Uncertainty surrounds ACL treatment decisions in young athletes. It shouldn’t.

Two physicians study an image of the bones and ligaments of the knee.
ACL injuries have become increasingly common in prepubescent and adolescent athletes. The PLUTO study aims to close the gap in knowledge about how best to treat them. (Image: Boston Children's Hospital)

It’s an injury once seen mainly in adults, yet it’s become increasingly common in younger patients. From 2000 to 2020, the number of anterior cruciate ligament (ACL) tears in children and adolescents increased between three- and five-fold. For young athletes, an ACL tear spells six to nine months of downtime, heightened risk for secondary ACL injury, and the risk of early osteoarthritis.

Not surprisingly, pediatric orthopedic surgeons like Mininder Kocher, MD, MPH, are alarmed. “The majority of ACL surgeries in this country are not performed on 20- and 30-year-olds,” says the chief of the Sports Medicine Division at Boston Children’s Hospital. “They’re done on older adolescents.”

How does age affect ACL recovery?

As the rate of ACL tears in preteens and teens climbs, so too does the need for reliable data on treatment risks and outcomes in patients of different ages and stages of development. In choosing one of the four surgical techniques commonly used in prepubescent or adolescent patients, orthopedic surgeons don’t have reliable data to answer questions such as:  

  • Which technique has the best outcomes based on a patient’s age and gender?
  • Does a patient’s age or stage of growth affect their recovery?
  • Does delaying surgery lead to better or worse outcomes?
  • How do other associated injuries affect a patient’s treatment and recovery?

To address the many gaps in knowledge around pediatric ACL injury, the International Olympic Committee (IOC) in 2017 convened a committee of pediatric sports medicine leaders. Kocher was one of them. “We’ve published studies of the surgical techniques used at Boston Children’s,” he says. But “these were small studies conducted at a single institution.”

The majority of ACL surgeries in this country are not performed on 20- and 30-year-olds. They’re done on older adolescents.”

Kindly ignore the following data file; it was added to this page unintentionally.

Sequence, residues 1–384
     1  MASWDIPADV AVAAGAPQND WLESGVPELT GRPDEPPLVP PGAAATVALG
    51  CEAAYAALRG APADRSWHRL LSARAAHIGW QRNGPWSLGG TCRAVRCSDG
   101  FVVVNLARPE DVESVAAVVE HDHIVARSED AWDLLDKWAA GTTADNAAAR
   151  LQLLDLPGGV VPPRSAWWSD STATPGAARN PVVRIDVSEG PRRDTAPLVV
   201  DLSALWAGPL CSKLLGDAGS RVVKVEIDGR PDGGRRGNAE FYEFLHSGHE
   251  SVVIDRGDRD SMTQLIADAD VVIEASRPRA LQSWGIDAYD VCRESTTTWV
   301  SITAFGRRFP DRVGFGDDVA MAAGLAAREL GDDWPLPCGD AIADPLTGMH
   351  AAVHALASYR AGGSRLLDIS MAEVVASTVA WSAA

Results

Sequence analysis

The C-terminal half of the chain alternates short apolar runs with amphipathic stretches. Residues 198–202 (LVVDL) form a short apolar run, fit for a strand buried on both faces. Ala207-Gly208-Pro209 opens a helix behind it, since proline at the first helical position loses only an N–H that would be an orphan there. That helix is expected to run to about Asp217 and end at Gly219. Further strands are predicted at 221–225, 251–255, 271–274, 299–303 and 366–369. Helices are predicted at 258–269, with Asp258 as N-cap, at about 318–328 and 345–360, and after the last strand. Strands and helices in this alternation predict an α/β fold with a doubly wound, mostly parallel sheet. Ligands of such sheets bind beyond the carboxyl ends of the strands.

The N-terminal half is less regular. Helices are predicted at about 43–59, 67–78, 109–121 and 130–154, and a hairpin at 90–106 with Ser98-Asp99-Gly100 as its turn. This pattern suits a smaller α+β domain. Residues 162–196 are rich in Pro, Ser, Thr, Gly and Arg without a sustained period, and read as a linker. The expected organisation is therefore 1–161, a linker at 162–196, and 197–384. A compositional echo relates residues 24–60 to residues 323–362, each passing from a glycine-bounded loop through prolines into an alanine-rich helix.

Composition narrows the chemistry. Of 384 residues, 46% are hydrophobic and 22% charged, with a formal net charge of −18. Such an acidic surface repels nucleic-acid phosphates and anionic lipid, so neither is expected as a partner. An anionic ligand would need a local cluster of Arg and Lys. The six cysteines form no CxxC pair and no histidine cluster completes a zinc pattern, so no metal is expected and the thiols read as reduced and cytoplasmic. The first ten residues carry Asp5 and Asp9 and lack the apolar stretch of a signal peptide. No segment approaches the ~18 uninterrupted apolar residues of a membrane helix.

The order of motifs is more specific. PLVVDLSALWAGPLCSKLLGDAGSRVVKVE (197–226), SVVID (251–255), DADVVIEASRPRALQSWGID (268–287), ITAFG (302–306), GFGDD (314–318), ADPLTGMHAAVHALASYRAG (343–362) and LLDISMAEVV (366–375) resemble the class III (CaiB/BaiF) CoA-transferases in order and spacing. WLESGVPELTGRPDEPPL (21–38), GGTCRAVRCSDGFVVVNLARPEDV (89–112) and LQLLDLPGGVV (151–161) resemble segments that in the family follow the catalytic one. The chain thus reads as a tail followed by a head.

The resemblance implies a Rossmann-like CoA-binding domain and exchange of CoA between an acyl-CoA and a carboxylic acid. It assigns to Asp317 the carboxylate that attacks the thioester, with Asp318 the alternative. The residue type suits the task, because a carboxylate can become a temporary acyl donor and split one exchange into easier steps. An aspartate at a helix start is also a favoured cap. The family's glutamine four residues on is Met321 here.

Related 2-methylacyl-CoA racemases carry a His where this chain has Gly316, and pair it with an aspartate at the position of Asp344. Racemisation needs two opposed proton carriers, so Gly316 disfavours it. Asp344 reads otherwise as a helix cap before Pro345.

The IOC committee agreed that the field needs prospective studies of large patient populations treated at numerous specialty centers to support informed treatment decisions. They summarized this and other conclusions in a 2018 consensus statement on prevention, diagnosis, and management of ACL injuries.

A multicenter study is born

In response to the IOC committee’s recommendations, Boston Children’s launched PLUTO (Pediatric ACL: Understanding Treatment Options). PLUTO is a multicenter study group established to evaluate the safety and effectiveness of the most widely used treatments of ACL tears in pediatric patients.

The 10 participating centers recruited 749 skeletally immature (still growing) patients, aged 16 and under, who were treated for complete ACL tears between 2016 and 2020. Patients received one of five treatments:

In addition to studying the efficacy of ACL treatment in pediatric patients, the PLUTO team is analyzing injury patterns and correlations between age and gender. They’re also looking at how patients recover and whether certain age groups have higher rates of secondary injury compared to others.

Given that many adult patients develop osteoarthritis within 10 years of an ACL injury, PLUTO researchers plan to follow participants for 10 years or longer to gain insights into the long-term outlook for prepubescent and adolescent patients. They plan to publish the results of their two-year follow-up in 2024.

The future of ACL treatment and the importance of prevention

PLUTO is the first large-scale, prospective study to examine ACL treatments in pediatric patients. The 10 participating centers around the country aim to fill the current gap in evidence that orthopedic surgeons face when talking with young patients and their parents about treatment options.

PLUTO centers

  • Boston Children’s Hospital
  • Children’s Hospital of Philadelphia
  • Children’s Hospital of Atlanta
  • Tennessee Orthopedic Alliance
  • Cincinnati Children’s Hospital Medical Center
  • Rady Children’s Hospital of San Diego
  • Washington University of St. Louis
  • Cleveland Clinic
  • Hospital for Special Surgery
  • Stanford University Medical Center

By uncovering trends in the rate of retear after surgery, PLUTO may also play a role in reducing subsequent injuries in at-risk athletes through modified surgical techniques and rehabilitation protocols.

As much as Kocher looks forward to the ways in which high-quality data can advance ACL treatment, he and many others believe that preventing ACL injuries through heightened awareness is just as important.

“We’ve measured the psychosocial impact of receiving a diagnosis of ACL tear on adolescent athletes, and it’s almost as devastating as a cancer diagnosis. Preventing these injuries from happening is fundamental to kids’ well-being.”

Learn more about the Sports Medicine Division, Anterior Cruciate Ligament (ACL) Program, or refer a patient.

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